Prescription Drug Abuse Workgroup Issues Report

For Immediate Release: January 6, 2012

Media Contact: Communication Office
Vermont Department of Health

BURLINGTON – A Prescription Drug Abuse Workgroup, with 75 members from varied professions, issued a final report in December that outlines a statewide approach to actively address the mounting problem of prescription drug abuse in Vermont.

The workgroup, convened jointly by the Vermont Departments of Health and Public Safety, has met quarterly since 2008 to discuss possible solutions to the problem in four focus areas: education and community prevention/treatment, monitoring, disposal, and law enforcement.

Vermont ranks 34th worst of all states in the nonmedical use of pain relievers, and has the second highest per capita rate of all states for admissions to treatment for opiates for 20- to 29-year olds. (updated 02/01/12)

Improved prescriber education for medical students, public education on proper disposal of drugs, better informed patients and patient verification, enhanced law enforcement efforts and training, and more widespread use of the Vermont Prescription Monitoring System are among the solutions proposed in the report.

“Prescription drug abuse is a major public health concern and we knew – for the Health Department and Public Safety to adequately address the problem – an ‘all-hands-on deck’ approach was required,” said Health Commissioner Harry Chen, MD. “The safe dispensing of these controlled medications, which serve a useful purpose, is a major priority for us and our partners statewide.”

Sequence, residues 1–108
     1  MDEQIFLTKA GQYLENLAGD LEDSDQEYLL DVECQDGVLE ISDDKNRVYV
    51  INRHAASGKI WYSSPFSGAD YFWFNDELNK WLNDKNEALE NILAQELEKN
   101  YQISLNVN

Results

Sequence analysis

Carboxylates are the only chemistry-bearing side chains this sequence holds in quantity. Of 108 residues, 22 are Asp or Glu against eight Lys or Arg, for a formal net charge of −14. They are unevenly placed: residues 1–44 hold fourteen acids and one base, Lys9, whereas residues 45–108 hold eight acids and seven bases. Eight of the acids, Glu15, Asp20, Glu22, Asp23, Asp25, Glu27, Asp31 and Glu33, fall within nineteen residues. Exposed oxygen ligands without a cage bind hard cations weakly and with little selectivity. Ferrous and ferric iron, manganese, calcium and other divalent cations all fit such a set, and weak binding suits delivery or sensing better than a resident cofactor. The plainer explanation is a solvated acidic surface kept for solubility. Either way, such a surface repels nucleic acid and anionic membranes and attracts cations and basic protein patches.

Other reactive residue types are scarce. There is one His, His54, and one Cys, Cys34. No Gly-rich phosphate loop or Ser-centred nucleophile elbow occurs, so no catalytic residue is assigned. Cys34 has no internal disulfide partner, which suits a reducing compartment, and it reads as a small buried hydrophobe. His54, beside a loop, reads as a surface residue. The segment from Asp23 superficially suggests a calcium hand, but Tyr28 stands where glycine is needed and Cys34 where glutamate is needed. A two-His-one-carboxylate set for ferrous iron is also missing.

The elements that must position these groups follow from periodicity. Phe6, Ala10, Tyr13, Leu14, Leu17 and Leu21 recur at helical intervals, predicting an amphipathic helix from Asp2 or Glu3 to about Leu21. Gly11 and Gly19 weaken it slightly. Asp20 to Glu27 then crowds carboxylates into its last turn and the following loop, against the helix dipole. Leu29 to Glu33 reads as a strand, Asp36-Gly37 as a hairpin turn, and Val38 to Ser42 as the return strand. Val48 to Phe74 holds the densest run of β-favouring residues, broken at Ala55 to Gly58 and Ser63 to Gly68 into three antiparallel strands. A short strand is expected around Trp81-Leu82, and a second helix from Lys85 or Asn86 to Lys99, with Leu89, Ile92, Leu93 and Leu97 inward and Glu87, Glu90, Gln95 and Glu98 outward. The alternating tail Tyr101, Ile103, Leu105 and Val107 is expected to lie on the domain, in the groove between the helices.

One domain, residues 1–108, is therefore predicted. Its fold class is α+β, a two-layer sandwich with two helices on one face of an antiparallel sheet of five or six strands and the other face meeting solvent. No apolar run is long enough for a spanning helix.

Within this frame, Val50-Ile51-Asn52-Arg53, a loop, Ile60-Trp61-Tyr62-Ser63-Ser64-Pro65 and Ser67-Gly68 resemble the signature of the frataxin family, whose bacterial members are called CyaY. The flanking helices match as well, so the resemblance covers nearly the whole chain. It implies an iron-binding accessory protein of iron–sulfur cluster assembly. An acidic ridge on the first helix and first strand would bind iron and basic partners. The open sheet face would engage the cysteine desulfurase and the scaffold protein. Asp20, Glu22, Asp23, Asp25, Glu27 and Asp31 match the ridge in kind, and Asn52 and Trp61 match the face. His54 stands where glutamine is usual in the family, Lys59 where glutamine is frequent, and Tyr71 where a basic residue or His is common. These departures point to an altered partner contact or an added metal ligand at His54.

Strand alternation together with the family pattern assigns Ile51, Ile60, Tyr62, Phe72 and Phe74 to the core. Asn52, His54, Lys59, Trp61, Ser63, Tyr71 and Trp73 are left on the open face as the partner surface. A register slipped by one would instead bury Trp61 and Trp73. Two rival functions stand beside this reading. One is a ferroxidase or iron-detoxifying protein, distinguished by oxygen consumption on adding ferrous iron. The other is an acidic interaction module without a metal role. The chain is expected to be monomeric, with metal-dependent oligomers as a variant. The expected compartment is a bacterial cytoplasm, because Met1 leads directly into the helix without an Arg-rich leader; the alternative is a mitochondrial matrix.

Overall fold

The Health Department, University of Vermont College of Medicine, Vermont Medical Society, Office of Professional Regulation, Northern New England Poison Center, Department of Health Access, Department of Baking, Insurance, Securities and Health Care Administration (BISHCA), Vermont Boards of Pharmacy and Medical Practice, and the Vermont State Police contributed recommendations to the final report.

Special opiate training for medical residents at the University of Vermont College of Medicine and a best-practice standardized narcotic agreement that can be used by the Vermont medical community are among the specific action plans. The report also recommends that all prescribers of controlled substances use the Vermont Prescription Monitoring System. Currently, 1,370 of the 2,000 prescribers of controlled substances (physicians, dentists, nurses and physician assistants) in Vermont are registered with the VPMS, which went into effect statewide in 2009.

The report also recommends that law enforcement address sources of narcotics that are diverted for improper use through illegal sale and distribution by health care professionals and workers, “doctor shopping,” forged prescriptions, employee theft, pharmacy theft, and obtaining prescriptions over the Internet.

The workgroup hoped to bring the issue of prescription drug abuse to the forefront and discuss the idea of an awareness campaign across the state, and to educate pharmacists and prescribers in a systematic way. The Vermont plan is modeled after a national plan by the Office of National Drug Control Policy (ONDCP).

For the full report, visit

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